It is with pride that we would like to announce the 2nd anniversary of Digital Salutem!! November 2 years ago we started with a mission to change digital healthcare innovation whilst having a positive impact on businesses and society. Our multidisciplinary group of digital health experts worked hard and we achieved a lot. We connected and collaborated with some amazing clients including a few of the most innovative health insurers in Europe and Nokia Health, a recognised world class innovator in digital health. But that is far from all. digital health consultant It was an exciting year and as always we attended a variety of industry events including; Our CEO, João Bocas, shared his knowledge and innovative mind during these events. Speaking about the challenges and opportunities digital health brings and closely watching the trends and developments in the market we state that this year the battle to change healthcare has kicked off somewhat stronger than the previous years. 2017 is the year of new wearable insights. This year’s prediction of the device market give an compound annual growth (CAGR) of 22,2% until 2021. That means that by 2021 262,5 million wearables are to be shipped worldwide. In 2016 this wasn’t even half, 96,5 million. This marks a big milestone in the market of digital health. digital health As for us, Digital Salutem, we continued our good work and stepped up our game this year in terms of growth and brand recognition. Not only was our CEO, João Bocas, named as top 100 global digital health influencer, our brand, Digital Salutem, was likewise named in the top 50 global brands in digital health! Our network now comprises over 10.000 influential contacts in over 20 different countries and we since short started a new collaboration with London South Bank University. Here we support the delivery of simDH (Simulation for digital health) program, helping healthTech startups to have a greater chance of succeeding in the complex and volatile healthcare market. We are looking forward to this new year. Having extended our portfolio, knowledge, team and increased the brand awareness we expect to be able to help even more organisations reach their health innovation goals. Bringing people together, ensuring proper solution-based innovation and disruptive change in healthcare is what we strive for. We are part of something bigger than us and are sure that with Digital Salutem and our partners we can create the incredible, valuable and needed change in healthcare.digital healthcare innovation Lastly, we are extremely excited about a new partnership with a leading world-class innovator from Denmark. To be announced soon……!! I hope you are as excited as we are about the future and as always, feel free to contact us at any time for any questions or advice. As well our Managing Director, Miguel Sánchiz, will be delighted to receive an email from you. Contact with him via miguel@digitalsalutem.com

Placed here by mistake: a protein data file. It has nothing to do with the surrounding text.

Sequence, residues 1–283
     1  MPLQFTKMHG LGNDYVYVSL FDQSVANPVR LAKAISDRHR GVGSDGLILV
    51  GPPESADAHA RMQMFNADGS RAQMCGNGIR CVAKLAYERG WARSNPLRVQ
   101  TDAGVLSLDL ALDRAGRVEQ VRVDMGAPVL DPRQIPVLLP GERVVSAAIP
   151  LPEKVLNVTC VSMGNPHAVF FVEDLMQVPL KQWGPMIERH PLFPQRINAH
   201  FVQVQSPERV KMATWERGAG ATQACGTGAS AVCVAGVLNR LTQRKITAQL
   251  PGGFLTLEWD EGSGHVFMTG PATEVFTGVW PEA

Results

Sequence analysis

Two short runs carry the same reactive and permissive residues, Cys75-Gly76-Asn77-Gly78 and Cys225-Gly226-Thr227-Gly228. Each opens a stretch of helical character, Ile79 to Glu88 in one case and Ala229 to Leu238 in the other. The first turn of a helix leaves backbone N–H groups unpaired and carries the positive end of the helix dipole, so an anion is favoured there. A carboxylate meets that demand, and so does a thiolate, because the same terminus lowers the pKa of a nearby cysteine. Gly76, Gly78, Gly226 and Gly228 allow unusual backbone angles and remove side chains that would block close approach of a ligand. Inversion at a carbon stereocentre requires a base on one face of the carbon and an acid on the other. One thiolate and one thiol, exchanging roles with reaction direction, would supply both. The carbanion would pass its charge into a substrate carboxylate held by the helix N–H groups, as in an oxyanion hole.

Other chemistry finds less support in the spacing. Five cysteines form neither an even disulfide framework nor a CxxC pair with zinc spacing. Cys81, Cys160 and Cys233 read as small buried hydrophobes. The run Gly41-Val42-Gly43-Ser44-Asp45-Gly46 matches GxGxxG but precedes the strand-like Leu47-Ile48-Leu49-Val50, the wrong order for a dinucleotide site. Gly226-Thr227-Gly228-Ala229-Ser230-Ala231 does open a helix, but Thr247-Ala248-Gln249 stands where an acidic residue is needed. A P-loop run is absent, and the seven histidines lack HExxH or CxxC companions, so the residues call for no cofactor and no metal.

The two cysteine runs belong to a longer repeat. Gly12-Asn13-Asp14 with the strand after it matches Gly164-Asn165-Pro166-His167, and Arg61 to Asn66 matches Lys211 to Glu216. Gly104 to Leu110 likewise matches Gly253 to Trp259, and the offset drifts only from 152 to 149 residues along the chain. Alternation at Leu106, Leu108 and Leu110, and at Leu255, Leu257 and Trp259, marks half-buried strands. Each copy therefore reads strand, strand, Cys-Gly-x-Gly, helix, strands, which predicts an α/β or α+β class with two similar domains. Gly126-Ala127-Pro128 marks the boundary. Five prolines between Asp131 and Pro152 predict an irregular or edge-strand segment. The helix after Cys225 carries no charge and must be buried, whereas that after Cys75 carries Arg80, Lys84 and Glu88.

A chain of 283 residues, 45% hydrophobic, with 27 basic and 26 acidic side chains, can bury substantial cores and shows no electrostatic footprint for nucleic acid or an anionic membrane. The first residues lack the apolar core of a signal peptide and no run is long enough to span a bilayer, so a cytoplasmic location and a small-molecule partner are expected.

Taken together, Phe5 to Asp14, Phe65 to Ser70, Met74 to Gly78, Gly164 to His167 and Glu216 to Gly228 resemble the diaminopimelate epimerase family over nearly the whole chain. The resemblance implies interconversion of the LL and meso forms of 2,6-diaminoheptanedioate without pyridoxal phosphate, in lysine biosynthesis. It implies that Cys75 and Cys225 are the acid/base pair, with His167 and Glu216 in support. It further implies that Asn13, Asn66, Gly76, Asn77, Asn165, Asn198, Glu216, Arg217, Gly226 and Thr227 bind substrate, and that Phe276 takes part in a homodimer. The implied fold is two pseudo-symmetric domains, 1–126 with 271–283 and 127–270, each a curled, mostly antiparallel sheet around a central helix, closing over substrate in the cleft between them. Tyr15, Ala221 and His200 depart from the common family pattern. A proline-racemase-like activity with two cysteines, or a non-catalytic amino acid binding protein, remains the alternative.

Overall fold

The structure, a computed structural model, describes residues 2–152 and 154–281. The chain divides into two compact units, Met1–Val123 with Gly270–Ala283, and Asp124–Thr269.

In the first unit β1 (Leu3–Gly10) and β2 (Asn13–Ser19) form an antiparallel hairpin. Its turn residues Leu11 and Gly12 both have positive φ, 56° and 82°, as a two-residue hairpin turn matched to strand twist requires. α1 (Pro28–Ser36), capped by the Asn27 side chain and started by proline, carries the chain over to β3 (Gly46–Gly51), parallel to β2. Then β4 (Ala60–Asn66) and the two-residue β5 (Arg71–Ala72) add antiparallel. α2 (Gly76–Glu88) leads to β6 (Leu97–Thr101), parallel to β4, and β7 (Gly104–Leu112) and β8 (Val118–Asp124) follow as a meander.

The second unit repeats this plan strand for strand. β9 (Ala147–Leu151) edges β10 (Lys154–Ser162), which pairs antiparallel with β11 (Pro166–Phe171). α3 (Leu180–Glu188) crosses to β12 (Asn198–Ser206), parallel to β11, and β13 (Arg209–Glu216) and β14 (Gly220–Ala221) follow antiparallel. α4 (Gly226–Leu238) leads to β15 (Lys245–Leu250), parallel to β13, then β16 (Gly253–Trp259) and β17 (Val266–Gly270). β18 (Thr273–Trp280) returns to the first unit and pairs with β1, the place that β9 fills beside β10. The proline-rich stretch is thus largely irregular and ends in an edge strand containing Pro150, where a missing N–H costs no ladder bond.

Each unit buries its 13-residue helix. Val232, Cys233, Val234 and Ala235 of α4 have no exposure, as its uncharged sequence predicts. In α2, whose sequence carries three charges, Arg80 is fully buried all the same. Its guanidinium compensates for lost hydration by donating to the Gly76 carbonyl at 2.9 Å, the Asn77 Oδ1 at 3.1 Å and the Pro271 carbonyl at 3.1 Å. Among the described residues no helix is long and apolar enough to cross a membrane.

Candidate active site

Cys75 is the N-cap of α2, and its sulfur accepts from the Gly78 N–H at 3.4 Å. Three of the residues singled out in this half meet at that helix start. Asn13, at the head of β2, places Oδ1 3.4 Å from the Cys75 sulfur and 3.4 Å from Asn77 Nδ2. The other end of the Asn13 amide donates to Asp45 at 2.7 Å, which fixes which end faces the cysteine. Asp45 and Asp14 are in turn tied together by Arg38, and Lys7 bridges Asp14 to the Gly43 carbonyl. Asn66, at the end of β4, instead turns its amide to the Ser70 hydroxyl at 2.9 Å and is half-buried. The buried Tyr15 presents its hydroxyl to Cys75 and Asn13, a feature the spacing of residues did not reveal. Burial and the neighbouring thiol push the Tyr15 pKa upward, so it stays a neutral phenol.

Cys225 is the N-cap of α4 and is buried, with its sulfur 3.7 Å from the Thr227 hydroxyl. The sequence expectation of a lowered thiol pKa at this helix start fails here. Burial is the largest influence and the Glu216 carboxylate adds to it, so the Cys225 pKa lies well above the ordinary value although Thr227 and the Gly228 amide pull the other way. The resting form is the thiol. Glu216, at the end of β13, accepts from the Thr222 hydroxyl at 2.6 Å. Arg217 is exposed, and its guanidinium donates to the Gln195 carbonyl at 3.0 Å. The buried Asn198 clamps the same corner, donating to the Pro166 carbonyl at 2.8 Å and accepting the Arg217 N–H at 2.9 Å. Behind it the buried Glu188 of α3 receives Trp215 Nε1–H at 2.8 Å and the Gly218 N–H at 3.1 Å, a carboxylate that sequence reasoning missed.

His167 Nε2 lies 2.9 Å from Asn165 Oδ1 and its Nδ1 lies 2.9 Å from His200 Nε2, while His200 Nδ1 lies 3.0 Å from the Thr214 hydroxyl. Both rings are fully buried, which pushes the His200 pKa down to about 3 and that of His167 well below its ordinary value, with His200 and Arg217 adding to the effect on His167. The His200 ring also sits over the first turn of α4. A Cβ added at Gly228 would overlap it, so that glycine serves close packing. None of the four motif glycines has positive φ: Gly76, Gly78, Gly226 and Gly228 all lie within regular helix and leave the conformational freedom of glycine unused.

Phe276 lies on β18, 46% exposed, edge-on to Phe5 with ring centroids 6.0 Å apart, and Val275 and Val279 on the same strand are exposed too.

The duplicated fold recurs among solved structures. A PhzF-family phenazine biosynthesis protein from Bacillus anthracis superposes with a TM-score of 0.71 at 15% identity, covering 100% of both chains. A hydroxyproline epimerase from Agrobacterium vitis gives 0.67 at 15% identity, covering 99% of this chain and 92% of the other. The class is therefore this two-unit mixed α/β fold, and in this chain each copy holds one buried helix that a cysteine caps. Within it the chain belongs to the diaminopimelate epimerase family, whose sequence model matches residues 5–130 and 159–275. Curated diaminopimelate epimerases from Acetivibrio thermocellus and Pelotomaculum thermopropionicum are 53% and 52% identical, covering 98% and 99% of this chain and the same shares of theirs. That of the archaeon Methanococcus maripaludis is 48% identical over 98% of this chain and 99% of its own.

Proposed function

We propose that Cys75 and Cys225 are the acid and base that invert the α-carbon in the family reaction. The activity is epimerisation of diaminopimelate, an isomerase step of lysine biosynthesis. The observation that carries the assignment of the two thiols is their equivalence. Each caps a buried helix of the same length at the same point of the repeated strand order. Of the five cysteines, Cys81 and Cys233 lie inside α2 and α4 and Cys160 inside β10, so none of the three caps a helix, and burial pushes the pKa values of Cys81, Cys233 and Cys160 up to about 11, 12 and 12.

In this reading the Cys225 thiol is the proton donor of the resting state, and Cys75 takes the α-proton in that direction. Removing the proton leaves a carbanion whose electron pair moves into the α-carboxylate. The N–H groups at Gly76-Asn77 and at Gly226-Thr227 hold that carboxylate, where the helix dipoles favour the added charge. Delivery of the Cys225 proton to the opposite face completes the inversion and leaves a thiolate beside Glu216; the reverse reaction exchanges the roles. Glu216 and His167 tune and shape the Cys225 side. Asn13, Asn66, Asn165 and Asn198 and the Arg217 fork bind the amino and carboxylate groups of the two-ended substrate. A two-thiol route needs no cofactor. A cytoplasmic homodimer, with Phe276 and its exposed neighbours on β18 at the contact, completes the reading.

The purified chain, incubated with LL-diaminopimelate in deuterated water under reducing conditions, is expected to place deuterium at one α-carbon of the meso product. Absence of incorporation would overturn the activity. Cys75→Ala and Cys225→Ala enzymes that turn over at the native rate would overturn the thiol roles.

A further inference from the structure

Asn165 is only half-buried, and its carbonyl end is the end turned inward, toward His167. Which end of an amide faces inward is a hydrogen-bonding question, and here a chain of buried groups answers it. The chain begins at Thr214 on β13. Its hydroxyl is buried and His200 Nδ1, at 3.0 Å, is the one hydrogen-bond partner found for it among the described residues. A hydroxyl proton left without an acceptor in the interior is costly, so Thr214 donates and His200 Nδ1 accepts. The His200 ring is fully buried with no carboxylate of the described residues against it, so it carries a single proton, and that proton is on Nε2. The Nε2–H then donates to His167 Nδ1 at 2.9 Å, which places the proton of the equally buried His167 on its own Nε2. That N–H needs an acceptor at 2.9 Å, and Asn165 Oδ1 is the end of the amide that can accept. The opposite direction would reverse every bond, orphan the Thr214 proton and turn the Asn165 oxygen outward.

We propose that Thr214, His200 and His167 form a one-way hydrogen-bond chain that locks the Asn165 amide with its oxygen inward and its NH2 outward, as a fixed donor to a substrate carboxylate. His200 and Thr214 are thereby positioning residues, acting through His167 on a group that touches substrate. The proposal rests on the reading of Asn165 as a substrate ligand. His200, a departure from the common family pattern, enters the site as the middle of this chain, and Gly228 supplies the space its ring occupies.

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Digital Health, Healthcare, Internet Of Things IoT, mHealth
  Like Digital Health, Social Media is not about the exploitation of technology but about its service to the community. Moreover, I like to state that Social Media is actually contributing to digital health. Within the healthcare landscape it is facilitating a new platform for patient-doctor communication and global participatory discussions. keep reading
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Big Data, Digital Health, Fitness, Healthcare, Internet Of Things IoT, mHealth, Sensors, Wearables